Grace River Paperback – Apr 21 2009
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Hendry is a skillful writer; the voices are subtly different from each other, serving to keep the narrative interesting and lively. —Harbour Spiel(2009-05-01)
Grace River is a company-town drama that will resonate all over the world. —Vancouver Sun(2009-05-01)
A powerful and courageous debut novel and four friends who are forced to start looking honestly at their lives, their pasts and their uncertain futures.(2009-05-01)
Hendry paints a vivid portrait of resentment and functional dysfuntion. —Vancouver Sun(2009-05-01)
Rebecca has a gift for dead-on portraits, for apt conveyances in prose of the small-town feeling. —Sunstream(2009-05-01)
[This] will be the hot new book in B.C. this year. —Coast Reporter(2009-05-01)
About the Author
Rebecca Hendry was born in Ottawa and grew up in Brockville, Vancouver, Peterborough, Montreal and Yellowknife before settling on the Sunshine Coast at age 11. Her writing has appeared in the Dalhousie Review, Event, paperplates, Room of One’s Own and numerous other literary journals. Her short story “Jesse Beautiful” was nominated for the 2003 Journey Prize. Rebecca lives in Roberts Creek British Columbia.
Top Customer Reviews
I picked this up at the library on a whim, mostly because I liked its cover. It ended up being one of my more memorable reads of this summer.
The story is narrated by four characters: Jessie, a waitress at Nick's and woman who's just grown tired of her life but doesn't know what to do about; Daniel, Jessie's abusive brute of a husband; Jackson, an old friend and coworker of Daniel's, and sort of the moral compass of the group; and Kali, an outsider who never quite fits into the Grace River community. The chapters alternate between these four characters but each of their voices is so distinct that there is never any doubt about which perspective you're getting.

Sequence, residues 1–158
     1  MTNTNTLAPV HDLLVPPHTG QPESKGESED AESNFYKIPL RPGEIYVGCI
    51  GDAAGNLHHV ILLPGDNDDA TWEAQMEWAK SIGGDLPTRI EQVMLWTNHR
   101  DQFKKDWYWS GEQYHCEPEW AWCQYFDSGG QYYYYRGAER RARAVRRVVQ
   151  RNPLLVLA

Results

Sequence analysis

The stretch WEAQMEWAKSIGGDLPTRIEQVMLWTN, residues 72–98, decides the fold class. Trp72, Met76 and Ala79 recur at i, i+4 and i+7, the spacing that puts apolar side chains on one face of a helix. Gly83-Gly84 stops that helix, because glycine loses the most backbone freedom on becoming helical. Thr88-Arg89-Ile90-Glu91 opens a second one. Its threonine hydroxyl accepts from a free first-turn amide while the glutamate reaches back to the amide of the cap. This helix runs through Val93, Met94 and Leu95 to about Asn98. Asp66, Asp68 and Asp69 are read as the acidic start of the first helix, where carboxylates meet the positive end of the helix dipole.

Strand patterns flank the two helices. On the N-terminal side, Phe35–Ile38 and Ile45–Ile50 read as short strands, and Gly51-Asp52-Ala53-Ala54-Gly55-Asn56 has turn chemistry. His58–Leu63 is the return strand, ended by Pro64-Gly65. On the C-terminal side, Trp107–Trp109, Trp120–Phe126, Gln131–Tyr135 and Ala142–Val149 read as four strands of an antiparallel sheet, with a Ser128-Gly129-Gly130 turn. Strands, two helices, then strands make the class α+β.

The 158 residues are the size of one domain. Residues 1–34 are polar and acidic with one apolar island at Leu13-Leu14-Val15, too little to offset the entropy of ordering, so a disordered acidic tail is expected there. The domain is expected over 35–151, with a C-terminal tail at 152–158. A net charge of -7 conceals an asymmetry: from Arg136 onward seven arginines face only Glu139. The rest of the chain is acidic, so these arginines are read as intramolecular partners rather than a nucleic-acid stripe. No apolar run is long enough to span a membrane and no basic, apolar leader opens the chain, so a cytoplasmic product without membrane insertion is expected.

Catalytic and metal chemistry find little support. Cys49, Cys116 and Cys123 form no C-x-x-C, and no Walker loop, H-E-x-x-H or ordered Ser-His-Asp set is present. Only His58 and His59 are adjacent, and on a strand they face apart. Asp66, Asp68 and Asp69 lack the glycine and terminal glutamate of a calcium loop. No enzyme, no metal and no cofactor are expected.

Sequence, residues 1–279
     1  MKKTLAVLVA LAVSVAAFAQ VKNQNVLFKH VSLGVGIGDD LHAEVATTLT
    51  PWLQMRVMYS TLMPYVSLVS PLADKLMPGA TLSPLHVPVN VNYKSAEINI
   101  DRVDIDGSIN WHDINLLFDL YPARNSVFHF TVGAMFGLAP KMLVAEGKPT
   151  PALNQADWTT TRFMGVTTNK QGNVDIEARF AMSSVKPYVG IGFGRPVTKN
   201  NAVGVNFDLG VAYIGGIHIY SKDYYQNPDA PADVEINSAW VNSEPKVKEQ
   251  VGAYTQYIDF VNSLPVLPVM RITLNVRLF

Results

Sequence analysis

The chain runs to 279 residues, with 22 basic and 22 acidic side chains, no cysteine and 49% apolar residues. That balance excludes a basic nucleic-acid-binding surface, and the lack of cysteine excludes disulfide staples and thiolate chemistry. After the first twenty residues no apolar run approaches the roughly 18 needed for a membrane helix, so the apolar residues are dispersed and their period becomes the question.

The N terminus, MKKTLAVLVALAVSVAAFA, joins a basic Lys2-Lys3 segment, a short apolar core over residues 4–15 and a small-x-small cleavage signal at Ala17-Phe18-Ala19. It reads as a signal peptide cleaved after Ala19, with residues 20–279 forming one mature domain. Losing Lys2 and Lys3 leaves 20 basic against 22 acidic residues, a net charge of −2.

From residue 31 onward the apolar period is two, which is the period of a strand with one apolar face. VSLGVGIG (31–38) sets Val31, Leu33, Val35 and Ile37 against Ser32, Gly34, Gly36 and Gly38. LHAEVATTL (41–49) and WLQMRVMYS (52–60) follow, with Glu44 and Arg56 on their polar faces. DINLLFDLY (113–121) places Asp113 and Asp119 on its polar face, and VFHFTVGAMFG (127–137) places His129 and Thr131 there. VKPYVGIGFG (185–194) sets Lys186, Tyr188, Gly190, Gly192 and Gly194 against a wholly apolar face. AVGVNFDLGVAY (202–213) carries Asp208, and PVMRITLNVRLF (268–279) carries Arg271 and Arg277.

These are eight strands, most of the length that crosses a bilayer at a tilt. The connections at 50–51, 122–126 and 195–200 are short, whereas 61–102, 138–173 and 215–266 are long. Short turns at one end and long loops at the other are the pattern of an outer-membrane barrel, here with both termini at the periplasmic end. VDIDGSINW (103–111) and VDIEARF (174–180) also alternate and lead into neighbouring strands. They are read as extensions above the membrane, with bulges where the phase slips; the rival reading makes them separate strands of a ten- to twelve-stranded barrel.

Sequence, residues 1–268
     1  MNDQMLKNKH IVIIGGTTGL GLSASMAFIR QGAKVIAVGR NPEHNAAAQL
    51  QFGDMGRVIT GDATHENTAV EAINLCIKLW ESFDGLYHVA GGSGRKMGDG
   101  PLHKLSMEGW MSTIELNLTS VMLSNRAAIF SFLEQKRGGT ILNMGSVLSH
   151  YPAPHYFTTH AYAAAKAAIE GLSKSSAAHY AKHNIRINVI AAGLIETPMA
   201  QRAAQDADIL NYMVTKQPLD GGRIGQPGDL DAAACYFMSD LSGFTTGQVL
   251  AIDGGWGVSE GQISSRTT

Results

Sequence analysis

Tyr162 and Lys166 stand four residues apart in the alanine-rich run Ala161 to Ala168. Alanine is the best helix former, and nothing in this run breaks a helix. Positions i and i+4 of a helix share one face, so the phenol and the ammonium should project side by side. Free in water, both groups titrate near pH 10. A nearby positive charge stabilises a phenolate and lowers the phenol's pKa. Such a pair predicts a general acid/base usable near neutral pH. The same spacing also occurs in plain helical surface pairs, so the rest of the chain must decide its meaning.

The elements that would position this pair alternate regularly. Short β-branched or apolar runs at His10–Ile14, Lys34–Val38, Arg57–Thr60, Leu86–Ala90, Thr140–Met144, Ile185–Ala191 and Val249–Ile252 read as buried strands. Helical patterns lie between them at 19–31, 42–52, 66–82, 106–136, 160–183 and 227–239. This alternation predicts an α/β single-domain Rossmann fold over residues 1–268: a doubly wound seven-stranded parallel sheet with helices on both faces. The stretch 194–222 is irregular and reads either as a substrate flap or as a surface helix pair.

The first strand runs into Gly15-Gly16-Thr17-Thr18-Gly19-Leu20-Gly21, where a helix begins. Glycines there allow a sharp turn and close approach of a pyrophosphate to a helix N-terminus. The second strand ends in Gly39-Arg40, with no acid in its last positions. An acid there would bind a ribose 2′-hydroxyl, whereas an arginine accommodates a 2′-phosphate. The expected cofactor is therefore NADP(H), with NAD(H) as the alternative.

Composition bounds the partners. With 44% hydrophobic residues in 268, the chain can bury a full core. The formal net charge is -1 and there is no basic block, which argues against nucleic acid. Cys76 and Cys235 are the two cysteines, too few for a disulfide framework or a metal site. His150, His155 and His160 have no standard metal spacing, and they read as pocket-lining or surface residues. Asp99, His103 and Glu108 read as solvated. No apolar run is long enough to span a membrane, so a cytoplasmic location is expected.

I found the book really engaging and hard to put down at times. The story is presented almost as if you were a fly on the wall as things are happening. There's not a lot of exposition and back story, the author just lets things play out and the gaps are filled in as you read, through the characters' actions and how they relate to each other.
I loved having all four perspectives, especially those of Jessie and Daniel. Neither of them is happy with their marriage and they both want the same things, ultimately, but neither of them has a clue how to get there. Being able to see both sides of their relationship makes it that much more heartbreaking because you can see where each one is coming from, what they should do to make it right, and how much they both completely miss the mark.
I believe this is Hendry's first novel, so I look forward to seeing more from her. This was a pretty solid first effort.